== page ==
Therefore, it appears that promoting public NS through mass media, social networks, and academic programs is likely to lead to an increase in health-promoting behaviors. It is suggested that in designing, implementing and evaluating educational programs based on risk factors and reducing the burden of disease in universities, special attention be paid to the health of female students.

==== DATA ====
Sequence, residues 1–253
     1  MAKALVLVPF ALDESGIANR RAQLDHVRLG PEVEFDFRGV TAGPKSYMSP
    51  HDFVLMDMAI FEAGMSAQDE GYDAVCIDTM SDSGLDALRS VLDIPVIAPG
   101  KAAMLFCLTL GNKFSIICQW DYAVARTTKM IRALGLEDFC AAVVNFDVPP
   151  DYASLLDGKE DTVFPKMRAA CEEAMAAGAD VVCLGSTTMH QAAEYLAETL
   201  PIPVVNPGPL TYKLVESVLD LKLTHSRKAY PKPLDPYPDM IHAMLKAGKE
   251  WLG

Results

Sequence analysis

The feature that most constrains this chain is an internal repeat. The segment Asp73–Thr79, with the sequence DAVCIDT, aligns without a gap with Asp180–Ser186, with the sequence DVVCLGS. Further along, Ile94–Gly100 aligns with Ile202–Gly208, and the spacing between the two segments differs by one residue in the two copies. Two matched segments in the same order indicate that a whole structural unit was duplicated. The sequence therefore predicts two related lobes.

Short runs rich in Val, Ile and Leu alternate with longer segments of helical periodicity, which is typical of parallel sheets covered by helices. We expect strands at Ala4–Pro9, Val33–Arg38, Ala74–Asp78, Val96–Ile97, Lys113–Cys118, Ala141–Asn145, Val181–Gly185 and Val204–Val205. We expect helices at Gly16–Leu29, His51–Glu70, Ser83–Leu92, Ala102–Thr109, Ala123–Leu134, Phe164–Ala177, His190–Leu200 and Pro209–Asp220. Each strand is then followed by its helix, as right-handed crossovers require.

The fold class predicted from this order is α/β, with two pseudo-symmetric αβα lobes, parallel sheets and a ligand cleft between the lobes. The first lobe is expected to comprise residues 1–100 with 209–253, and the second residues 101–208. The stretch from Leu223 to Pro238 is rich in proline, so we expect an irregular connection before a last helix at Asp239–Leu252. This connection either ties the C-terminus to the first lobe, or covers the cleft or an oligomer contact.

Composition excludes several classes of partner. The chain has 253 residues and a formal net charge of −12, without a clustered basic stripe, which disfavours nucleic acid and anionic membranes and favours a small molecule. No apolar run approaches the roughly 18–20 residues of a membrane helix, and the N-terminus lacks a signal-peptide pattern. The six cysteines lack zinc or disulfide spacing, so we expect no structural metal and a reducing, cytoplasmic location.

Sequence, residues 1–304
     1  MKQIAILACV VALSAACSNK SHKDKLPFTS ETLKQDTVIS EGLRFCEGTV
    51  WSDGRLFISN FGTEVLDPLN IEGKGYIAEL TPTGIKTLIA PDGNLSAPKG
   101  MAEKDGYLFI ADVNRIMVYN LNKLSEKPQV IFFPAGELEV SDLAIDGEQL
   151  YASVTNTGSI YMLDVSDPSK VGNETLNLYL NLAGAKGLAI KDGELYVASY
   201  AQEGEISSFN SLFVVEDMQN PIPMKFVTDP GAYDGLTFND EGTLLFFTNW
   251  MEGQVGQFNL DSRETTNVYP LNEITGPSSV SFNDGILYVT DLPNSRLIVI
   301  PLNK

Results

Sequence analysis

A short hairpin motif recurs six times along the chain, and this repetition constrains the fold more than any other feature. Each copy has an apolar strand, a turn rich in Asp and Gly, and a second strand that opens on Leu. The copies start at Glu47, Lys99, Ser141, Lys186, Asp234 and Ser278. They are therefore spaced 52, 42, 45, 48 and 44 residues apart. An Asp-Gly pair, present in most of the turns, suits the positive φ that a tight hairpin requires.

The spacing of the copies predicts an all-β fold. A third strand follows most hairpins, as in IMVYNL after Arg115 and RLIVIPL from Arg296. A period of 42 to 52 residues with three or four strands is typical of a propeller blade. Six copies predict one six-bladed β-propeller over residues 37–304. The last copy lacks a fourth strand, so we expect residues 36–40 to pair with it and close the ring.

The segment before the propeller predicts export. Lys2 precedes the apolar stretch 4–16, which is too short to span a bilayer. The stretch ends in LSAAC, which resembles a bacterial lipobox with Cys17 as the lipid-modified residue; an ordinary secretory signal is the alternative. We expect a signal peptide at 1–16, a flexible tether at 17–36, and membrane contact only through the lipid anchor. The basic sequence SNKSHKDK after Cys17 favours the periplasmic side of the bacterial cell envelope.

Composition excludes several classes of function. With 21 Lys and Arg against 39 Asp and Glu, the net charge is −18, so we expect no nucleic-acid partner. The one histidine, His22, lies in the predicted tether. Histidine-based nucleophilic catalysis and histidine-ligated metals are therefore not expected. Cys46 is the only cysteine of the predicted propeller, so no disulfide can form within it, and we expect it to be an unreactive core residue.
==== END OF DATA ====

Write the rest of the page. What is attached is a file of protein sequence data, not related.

In addition, given the correlation between LS and behaviors favorable to health and the existence of a significant relationship between behaviors favorable to health and age, the level of education (bachelor’s, master, etc. ) and father’s job, it can be hypothesized that HL has a significant relationship with these factors as well. This has already been indicated in previous studies [25,26,27,28]. Moreover, considering the presentation of similar results in several studies on the low level of health knowledge of Iranian women regarding diseases and health-promoting behaviors, the necessary planning should be carried out by the Legal Office of the women’s health in the country.